Patrick Chevalier

A statement by the artist.

When I reflect upon my progress as an artist and I see a journey that has been a snaking, winding and interjected voyage. It has been path leading me through deep, dark mazes with many a dead end but some horizon. I have long accepted that my creative life would be profound yet troubled a mountainous journey.

In my backpack.

From 1991-1996 I studied towards a double major bachelors in Studio Arts and Art History at Concordia University as well as a minor in Theater. Primarily studying in the classical drawing and painting this degree remains incomplete but for a few credits as difficult circumstances lead me away from my studies. I gleaned the most important lesson of my academic vocation the year I studied a session in Methods and Materials of art history which profoundly affected my appreciation for creation in the fine arts. Learning how to work natural and raw materials such as animal glues with elemental materials in order to create a work art from a proven seizing or gesso ground, to fabricating and sketching form dry mediums and pigments and learning the craft of painting and drawing building from “conté de paris”, charcoal, graphite and silverpoint and further pressing onto the techniques of layering aqueous mediums such as aquarelle, gouache, tempera, acrylic; oil and encaustic was an instrumental underpinning for my later discoveries and experimentations.

Taking the right turn to the wrong place

Resting on the basics for pictorial and figurative art as a basis I was exposed in tandem to modern and contemporary of art. I began investigating collage and assemblage which where antithetical techniques to the aforementioned pictorial traditions.  Collage and assemblage generally disregards or frays the conventional understanding of what is considered an object of fine art. From that point forward my approach altered towards a general and diversified method of art production.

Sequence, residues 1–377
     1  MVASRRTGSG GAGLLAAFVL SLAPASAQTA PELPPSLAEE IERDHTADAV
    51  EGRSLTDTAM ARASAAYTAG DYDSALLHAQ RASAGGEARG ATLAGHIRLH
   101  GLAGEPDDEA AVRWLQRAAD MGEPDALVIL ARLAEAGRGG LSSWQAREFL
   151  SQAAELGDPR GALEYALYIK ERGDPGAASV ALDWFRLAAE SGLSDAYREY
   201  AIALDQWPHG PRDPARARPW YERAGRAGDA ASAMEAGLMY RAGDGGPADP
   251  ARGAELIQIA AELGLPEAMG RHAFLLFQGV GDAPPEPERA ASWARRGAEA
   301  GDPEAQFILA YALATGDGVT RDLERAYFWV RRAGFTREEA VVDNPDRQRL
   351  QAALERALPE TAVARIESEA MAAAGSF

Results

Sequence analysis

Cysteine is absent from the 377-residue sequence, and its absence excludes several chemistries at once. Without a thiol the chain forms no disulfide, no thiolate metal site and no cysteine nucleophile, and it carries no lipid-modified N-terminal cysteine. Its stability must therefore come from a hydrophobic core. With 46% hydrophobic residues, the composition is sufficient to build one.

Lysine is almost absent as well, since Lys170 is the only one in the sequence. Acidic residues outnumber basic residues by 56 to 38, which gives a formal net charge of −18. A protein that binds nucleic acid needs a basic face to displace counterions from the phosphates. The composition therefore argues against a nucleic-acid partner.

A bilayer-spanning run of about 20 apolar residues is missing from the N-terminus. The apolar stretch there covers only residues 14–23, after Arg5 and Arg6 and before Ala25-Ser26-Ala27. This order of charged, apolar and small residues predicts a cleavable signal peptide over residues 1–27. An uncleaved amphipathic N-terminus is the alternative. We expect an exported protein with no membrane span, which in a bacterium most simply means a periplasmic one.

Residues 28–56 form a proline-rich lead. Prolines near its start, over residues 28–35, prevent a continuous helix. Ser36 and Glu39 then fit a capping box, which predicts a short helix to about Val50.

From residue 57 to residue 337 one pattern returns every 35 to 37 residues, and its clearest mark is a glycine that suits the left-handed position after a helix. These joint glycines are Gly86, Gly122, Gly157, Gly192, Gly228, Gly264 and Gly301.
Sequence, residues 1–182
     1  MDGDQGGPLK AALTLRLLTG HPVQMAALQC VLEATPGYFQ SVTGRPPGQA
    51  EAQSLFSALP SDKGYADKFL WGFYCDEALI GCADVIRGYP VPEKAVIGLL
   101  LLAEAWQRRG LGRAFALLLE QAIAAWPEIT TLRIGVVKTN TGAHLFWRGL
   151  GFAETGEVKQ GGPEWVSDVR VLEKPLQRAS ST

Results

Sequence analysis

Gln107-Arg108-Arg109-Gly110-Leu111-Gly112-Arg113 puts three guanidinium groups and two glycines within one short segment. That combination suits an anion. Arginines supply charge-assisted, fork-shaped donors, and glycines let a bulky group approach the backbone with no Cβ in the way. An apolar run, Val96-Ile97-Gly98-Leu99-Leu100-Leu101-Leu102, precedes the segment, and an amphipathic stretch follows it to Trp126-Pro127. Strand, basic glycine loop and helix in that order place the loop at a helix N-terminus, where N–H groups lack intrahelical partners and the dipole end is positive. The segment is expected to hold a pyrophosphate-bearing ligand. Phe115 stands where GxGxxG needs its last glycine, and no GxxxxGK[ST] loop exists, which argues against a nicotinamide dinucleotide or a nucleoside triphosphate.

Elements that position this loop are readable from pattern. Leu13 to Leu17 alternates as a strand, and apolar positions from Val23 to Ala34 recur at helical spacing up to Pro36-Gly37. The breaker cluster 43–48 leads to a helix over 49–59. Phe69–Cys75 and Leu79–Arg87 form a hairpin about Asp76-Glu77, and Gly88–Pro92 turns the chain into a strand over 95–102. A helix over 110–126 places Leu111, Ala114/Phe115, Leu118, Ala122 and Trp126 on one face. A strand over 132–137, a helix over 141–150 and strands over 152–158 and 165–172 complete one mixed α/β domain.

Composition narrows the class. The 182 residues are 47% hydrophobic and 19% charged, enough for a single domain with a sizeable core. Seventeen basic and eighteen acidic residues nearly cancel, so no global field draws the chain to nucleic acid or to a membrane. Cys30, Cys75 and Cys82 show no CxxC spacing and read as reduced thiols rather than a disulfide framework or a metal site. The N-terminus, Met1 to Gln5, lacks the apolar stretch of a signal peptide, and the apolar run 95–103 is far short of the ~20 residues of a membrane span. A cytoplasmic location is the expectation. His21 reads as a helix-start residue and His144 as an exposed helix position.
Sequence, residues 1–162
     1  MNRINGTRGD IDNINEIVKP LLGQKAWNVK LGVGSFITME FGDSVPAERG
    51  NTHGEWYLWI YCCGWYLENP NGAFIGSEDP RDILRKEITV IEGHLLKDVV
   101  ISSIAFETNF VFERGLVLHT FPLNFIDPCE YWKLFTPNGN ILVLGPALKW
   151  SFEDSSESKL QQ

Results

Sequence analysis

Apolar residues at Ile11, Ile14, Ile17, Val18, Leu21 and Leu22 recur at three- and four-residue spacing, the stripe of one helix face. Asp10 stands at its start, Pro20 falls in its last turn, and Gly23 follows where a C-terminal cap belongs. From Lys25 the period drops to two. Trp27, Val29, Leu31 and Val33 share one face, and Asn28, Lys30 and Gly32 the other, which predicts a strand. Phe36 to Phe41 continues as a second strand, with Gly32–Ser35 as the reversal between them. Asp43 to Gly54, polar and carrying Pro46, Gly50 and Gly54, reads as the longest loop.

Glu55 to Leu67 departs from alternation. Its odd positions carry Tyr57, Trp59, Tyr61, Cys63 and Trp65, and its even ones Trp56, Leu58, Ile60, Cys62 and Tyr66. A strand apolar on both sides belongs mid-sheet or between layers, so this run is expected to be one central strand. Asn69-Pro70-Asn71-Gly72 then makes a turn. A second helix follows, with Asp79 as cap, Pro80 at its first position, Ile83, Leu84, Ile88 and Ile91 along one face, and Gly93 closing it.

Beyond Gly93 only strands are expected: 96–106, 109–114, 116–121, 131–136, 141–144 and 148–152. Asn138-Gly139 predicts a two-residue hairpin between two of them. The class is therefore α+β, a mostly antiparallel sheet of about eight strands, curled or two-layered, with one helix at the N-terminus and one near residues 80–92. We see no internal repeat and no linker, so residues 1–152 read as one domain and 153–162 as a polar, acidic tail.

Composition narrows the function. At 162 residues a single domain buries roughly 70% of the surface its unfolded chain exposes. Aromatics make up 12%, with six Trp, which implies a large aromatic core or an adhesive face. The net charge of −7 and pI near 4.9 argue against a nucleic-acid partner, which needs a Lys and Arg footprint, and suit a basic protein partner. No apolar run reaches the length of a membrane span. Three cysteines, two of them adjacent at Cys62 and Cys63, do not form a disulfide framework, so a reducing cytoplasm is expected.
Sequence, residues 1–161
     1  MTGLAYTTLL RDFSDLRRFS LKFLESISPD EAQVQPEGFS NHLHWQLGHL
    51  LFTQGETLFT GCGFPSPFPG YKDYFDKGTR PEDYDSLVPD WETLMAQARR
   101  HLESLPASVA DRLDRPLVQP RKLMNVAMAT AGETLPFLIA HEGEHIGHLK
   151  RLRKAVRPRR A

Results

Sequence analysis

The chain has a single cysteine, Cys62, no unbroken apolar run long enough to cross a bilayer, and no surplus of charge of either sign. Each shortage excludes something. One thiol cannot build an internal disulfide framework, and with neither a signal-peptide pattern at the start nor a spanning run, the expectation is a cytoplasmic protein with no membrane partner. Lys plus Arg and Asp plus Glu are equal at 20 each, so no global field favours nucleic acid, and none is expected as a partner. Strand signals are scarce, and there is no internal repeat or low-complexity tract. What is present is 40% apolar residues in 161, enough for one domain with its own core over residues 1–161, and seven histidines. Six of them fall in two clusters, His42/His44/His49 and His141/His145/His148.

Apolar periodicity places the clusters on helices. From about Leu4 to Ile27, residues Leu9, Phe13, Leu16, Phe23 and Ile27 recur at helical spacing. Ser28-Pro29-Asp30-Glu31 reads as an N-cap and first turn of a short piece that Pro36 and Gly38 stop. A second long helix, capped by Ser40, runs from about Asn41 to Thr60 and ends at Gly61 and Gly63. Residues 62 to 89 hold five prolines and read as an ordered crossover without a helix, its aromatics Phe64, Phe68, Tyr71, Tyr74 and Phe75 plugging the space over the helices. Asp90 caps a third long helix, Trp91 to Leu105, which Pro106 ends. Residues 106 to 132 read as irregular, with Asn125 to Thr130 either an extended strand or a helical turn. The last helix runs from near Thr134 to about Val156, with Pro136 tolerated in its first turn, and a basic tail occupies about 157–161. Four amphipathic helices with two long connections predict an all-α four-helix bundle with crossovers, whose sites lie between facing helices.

While my orthodox goal for permanence in creating art remained a strong influence alternate and contemporary forms of expressions began shifting my focus for art making towards that of the purpose of making art. This metaphysical struggle brought me to an introspective quandary in which my sole purpose for creating art rested squarely on the futility of its creation.

I began to attempt to formulate works of art based on this illusory state of permanence while still clinging to material concerns. Concentrating on the art as artifice and artifact. I wanted to show primarily the dichotomy present in a work that is the result of an ephemeral act interacting on permanent materials which in fact are as impermanent as the conception of the work itself. In hindsight I was heavily affected by the entropy of art history. As an artist I had painted myself into a paradox.

Fraking post modernism

I was particularly affected and worried about by modern, post-modern and contemporary schools of thought and I spend most of my time invalidating my own works as I found that the only redeeming quality that the contemporary art society had for creating art was heavily biased on an obsession with innovation. The new fallacy of the new. That unless a work of art demonstrated something “new”, a new technique, a new medium, a new idea, a new movement, that it was in fact invalid. Tradition was therefore dead, relegated to craft, no longer a effective expression of art; marginalized.

In struggling with this inescapable paradox for a great period of my creative life, producing of art became delicate, halting and difficult. It still remains so yet I believe that this struggle will help imbue my works with a central theme one that will be consistent and evident throughout this exhibit. As create I attempt in a way to reconciliation with myself and with the act of creating art. I attempt each time to re-validate my existence as an artist. I continue because my heart commands me to create despite the apparent futility of the action and indeed it remains essential to my well-being.

Drawing the map and creating the road.

It is by completing this exercise and by promoting and creating more works that I intend to break through. I is by presenting my portfolio in the following trinity of Conception, Inception and Existence that I propose to finally erupt from this isolation and restraint.

Patrick Chevalier

Patrick Chevalier

Written by Patrick Chevalier. Posted in Patrick Chevalier

The structure of the work is the trinity.


An abstract idea; a plan or intention; … Mid 16th century (in the sense 'thought, imagination'): from Latin conceptum 'something conceived', from Latin concept- 'conceived', from concipere (see conceive). "Definition of Concept in English:." Concept. Oxford Dictionnaries. Web. 7 Dec. 2015. <>.


1 archaic : begin, commence, undertake 2 [influenced in meaning by Latin capere to take] : to take in: such as "Dictionary - Incept." Merriam-Webster. Merriam-Webster. Web. 7 Dec. 2015. <>.


1.have objective reality or being. "remains of these baths still exist on the south side of the Pantheon" 2. live, especially under adverse conditions. "Google Search: Definition 'Exist'" Google. Google. Web. 7 Dec. 2015. < definition>.